25 Things You Won’t Believe Are Dirtier Than Your Toilet

Posted by , Updated on September 26, 2018

There are a ton of objects in your home that can attract germs, dirt, bacteria, and dust, and you may not believe what they are! The bathroom is one of the first places that come to mind when you think of dirty spots, but there are actually several less obvious places that are even dirtier. These are 25 Things You Won’t Believe Are Dirtier Than Your Toilet!

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A study of fast food restaurants in the US found that 70% of the ice served had more bacteria than the toilet water. This is because their ice machines aren’t cleaned, creating a breeding ground for E. coli. Not to mention, some servers just scoop up the ice with your cup instead of using the actual ice scoop. This just adds to the bacteria.


Restroom floors


No real surprise here. Public restrooms have about 2 million bacteria per square inch. The average toilet seat has only 50 per square inch.


Office desks


The average desk has 400 times more bacteria than a toilet. That’s because it contains several of the materials highlighted on this list: your phone and keyboard along with your mouse, drinking mug, printer, etc.




Keyboards can have up to 200 times more bacteria than a toilet seat, especially those being used by more than one person in a day. The bacteria can linger for hours or even days after contact.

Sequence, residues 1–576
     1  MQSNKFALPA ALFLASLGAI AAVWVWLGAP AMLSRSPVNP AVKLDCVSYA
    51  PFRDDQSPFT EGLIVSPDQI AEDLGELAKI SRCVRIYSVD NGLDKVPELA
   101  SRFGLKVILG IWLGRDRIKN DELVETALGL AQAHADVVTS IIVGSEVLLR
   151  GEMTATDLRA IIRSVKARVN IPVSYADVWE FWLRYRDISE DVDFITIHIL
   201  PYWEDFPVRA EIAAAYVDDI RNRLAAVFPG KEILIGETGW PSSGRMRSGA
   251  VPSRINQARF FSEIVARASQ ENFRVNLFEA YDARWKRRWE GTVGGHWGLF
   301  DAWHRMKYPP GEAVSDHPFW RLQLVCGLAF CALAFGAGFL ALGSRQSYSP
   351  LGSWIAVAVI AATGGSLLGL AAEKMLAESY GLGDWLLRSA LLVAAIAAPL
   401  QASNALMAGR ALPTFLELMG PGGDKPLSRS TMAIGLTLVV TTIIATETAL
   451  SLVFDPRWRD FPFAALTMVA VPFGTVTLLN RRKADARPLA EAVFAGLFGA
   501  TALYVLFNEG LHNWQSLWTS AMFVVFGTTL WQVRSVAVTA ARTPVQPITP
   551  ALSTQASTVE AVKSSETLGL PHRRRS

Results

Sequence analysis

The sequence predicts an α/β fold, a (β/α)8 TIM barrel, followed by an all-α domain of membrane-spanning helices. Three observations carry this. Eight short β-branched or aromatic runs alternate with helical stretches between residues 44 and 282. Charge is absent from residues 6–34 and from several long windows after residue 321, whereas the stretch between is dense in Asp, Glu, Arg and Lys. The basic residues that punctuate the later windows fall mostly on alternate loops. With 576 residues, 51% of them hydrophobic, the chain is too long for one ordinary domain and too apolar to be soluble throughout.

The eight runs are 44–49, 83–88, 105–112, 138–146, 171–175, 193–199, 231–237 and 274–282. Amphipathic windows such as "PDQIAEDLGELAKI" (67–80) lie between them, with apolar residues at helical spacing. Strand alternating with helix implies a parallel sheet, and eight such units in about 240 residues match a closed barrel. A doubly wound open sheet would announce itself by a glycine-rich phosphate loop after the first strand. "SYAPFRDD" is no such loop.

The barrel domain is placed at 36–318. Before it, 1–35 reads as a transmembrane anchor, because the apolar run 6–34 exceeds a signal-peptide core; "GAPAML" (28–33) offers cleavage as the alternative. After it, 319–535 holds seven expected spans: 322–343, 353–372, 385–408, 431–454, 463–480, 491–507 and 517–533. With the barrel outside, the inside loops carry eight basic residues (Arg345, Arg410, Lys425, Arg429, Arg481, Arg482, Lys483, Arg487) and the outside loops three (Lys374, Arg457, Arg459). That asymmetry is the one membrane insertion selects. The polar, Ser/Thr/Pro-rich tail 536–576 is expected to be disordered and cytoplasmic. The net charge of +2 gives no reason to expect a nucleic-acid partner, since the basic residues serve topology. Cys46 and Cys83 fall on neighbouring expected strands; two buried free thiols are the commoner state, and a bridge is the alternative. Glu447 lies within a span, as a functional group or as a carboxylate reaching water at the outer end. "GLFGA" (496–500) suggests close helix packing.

Our mobile devices can have 10 times more bacteria than toilet seats…and they’re always touching our faces and fingertips. Would you wipe the inside of your toilet bowl with your cheek?


Restaurant menus


There are on average 100 times more bacteria on restaurant menus than on restroom toilet seat. What’s worse is that they are touched by multiple people in a day between wait staff and customers who carry bacteria and viruses on their hands.


Chopping boards


These babies actually have a lot more poop smeared on them than your toilet does. Raw meat apparently carries a very high level of fecal bacteria, and that meat usually ends up on a cutting board at some point.